Vigil of Pentecost, May 23, 2015
An ancient story tries to explain a puzzling human phenomenon. But it adds theological nuance, reminding humans that we don't share all the privileges of God.
An ancient story of a theophany, a terrifying appearance of God upon earth, is linked with a tender invitation to be God's special people, a kingdom entirely of priests, a truly holy nation.
For a despairing, exiled people, a startling, graphic image tells of the power of the spirit of God to revive them.
The prophet Joel, dismayed by the oppression of his people, foresaw a terrible Day of the Lord, when the unfaithful, especially Judah's enemies, would be destroyed. The faithful will be filled with God's spirit, and be rescued.
Paul assesses the great change in humanity that God has begun to work in Christ. So great is God's project, that all creation, not just people, are to be changed. It is an ongoing struggle, to which the Spirit of God bears steady witness.
In a desert country, water is the most precious commodity. Jesus uses water as an image of the refreshment that his Spirit will grant to those who give their hearts to him.
The Theological Background (possibly): There are a number of ways, of course, to interpret this ancient fable. The one I favor emphasizes the temerity of the people and the outraged response of God. They say, "Let us make a name for ourselves," and God grumbles that "nothing will later stop them from doing whatever they presume to do."
This interpretation links chapter 11 of Genesis with chapter 3, the story of the fall. There the bold couple fell for the serpent's offer, "become like gods, deciding what is good and what is evil," and the one real God could only respond by scattering them out of Eden.
Proclaiming It: If you accept this interpretation of Genesis 11, then use your voice to bring out the audacious nature of the tower plan. Make God's response sound emphatic and determined. You're describing an epic argument here. Make it sound like one.
In both the New American Bible, translation, commonly used in American Catholic churches, and the New Revised Standard Version of the Bible used in most U.S. Protestant churches, the ambitious builders use bitumen for mortar. How are you going to pronounce "bitumen?" It's bih TYOO mn. To hear it on your computer, click here, or open this page, click the B, then click on the word Bitumen.
Our Liturgical Setting: The purpose of using this reading today is to set the stage for God to undo the confusion of human languages. By the Pentecost miracle, people of many languages simultaneously hear one gospel, and the church is set on its mission to unite humankind again under one God.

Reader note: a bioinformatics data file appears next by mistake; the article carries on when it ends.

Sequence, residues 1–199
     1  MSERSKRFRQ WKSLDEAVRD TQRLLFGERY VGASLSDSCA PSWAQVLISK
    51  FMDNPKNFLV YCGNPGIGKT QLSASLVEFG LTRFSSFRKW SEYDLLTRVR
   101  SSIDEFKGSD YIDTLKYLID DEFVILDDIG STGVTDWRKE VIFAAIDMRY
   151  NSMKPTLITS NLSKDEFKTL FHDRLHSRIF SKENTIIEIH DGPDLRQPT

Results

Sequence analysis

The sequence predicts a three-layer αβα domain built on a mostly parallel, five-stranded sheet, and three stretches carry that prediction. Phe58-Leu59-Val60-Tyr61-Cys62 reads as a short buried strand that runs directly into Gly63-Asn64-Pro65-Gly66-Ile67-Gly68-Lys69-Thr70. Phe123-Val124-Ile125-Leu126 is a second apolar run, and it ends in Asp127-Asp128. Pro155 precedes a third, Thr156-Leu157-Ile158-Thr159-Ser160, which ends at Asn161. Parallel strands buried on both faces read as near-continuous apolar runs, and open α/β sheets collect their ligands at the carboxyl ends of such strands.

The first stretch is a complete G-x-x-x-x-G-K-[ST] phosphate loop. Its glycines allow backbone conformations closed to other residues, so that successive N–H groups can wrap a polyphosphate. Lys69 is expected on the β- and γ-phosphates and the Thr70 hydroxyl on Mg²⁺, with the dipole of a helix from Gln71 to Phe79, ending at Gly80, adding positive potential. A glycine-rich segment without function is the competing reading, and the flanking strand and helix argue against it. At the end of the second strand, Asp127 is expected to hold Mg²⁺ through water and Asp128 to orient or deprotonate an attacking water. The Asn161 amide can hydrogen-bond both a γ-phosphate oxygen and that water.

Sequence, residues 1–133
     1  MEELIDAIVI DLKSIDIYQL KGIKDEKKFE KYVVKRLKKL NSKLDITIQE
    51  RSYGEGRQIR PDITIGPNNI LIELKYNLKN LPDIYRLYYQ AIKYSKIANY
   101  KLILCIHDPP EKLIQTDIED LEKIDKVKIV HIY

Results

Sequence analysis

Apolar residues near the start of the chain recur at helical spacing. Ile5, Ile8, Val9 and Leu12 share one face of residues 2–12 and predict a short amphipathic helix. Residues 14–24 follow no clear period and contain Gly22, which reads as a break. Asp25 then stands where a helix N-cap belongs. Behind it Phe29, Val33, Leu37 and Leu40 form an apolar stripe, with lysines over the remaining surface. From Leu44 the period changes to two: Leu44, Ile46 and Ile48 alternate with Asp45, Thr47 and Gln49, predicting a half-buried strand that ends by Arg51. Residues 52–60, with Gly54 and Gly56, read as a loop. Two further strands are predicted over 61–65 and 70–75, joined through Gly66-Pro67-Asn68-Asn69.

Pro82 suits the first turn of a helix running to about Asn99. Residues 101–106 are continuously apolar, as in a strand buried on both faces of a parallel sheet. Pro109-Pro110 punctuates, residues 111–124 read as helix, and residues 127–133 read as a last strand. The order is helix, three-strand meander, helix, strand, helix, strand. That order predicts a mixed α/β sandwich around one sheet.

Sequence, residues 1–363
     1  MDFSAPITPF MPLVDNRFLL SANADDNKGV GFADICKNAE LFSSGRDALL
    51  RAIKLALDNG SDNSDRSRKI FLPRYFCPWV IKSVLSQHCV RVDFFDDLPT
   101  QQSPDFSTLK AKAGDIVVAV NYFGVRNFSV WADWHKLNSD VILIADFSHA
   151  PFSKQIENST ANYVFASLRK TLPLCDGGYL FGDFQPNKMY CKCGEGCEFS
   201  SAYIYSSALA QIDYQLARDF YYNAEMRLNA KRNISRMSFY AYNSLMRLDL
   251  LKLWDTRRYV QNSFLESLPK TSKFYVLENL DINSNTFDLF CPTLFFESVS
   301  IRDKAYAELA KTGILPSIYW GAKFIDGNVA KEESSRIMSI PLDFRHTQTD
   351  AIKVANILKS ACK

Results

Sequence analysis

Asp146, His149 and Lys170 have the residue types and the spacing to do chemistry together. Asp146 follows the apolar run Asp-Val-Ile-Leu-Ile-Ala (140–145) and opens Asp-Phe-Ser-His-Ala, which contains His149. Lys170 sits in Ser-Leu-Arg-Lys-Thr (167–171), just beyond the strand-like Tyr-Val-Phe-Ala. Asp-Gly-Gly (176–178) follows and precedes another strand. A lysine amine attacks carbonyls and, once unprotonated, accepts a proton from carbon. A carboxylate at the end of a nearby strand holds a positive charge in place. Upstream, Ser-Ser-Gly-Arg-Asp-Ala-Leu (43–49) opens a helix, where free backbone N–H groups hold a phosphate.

The Theological Context: Paul is realistic about how difficult it is to maintain Christian hope and faith in a hostile world. Perhaps to give us company in this struggle, he says that all of creation, not just ourselves, is longing for some kind of transformation. Here are the preceding verses:
I suspect this is not a premise in Paul's logic, but a conclusion made necessary by Paul's vision of the greatness of what God has wrought in Christ. In other words, God's present and future transformation of us is so astounding that it can only be happening in the context of a universal transformation of nature as well as of humankind. So, in solidarity with nature, we groan about the unfinished condition we are in. But we have hope, given by the Spirit, of complete redemption.
Proclaiming It: Before you read Paul's switch from the groaning paragraph to the further discussion of hope, pause.
When you then say, "For in hope we were saved," sound like you're giving a solution to the problem you just described.
"Now hope that sees is not hope." What kind of hope is not hope? Hope that sees (Or, as the RSV translates it, "Now hope that is seen is not hope.") As lector, use your inflection to ensure that you identify this particular bogus hope. Don't make it sound like the simple contradiction, "Hope is not hope."
Pause again where Paul begins the discussion of the Spirit's help in our praying.
In the past, only the Sunday liturgy site at Saint Louis University had anything to say about the vigil readings, but even that is gone.
Credit for the picture at the top:
In this 1912 painting by David Bomberg, referring to the alternate second reading tonight from Ezekiel, sinews and flesh, then skin, then spirit come upon dry bones.
The painting is owned by the Tate Gallery in London, though not on display in May, 2015. The Tate's website says, "Bomberg was closely associated with the Vorticist group in London. His ability to organise forms into powerful compositions is evident in this painting which was carefully prepared in several preliminary drawings. The subject is taken from the Old Testament and illustrates the occasion when God guided the prophet to a valley full of bones and commanded him to speak. 'There was a noise, and behold a shaking, and the bones came together.' Skeletal yet animated the figures appear to emerge from the platform. The brilliant colours emphasise the exultation associated with resurrection. Bomberg may have chosen this text after the sudden death of his mother. The pair had been close and he may have found consolation in this positive theme."
Lector's Notes should be easily readable on any device, including small-screen ones like cell phones and tablets. This is among the first of a few hundred pages to be converted to a responsive format (responsive to the kind of screen you are using). So when you're not serving as lector, and you arrive at church and mute your cell phone, you can brief yourself on the readings you're about to hear. Format conversion is a work-in-progress and will be so until maybe April of 2018.
This page updated May 16, 2015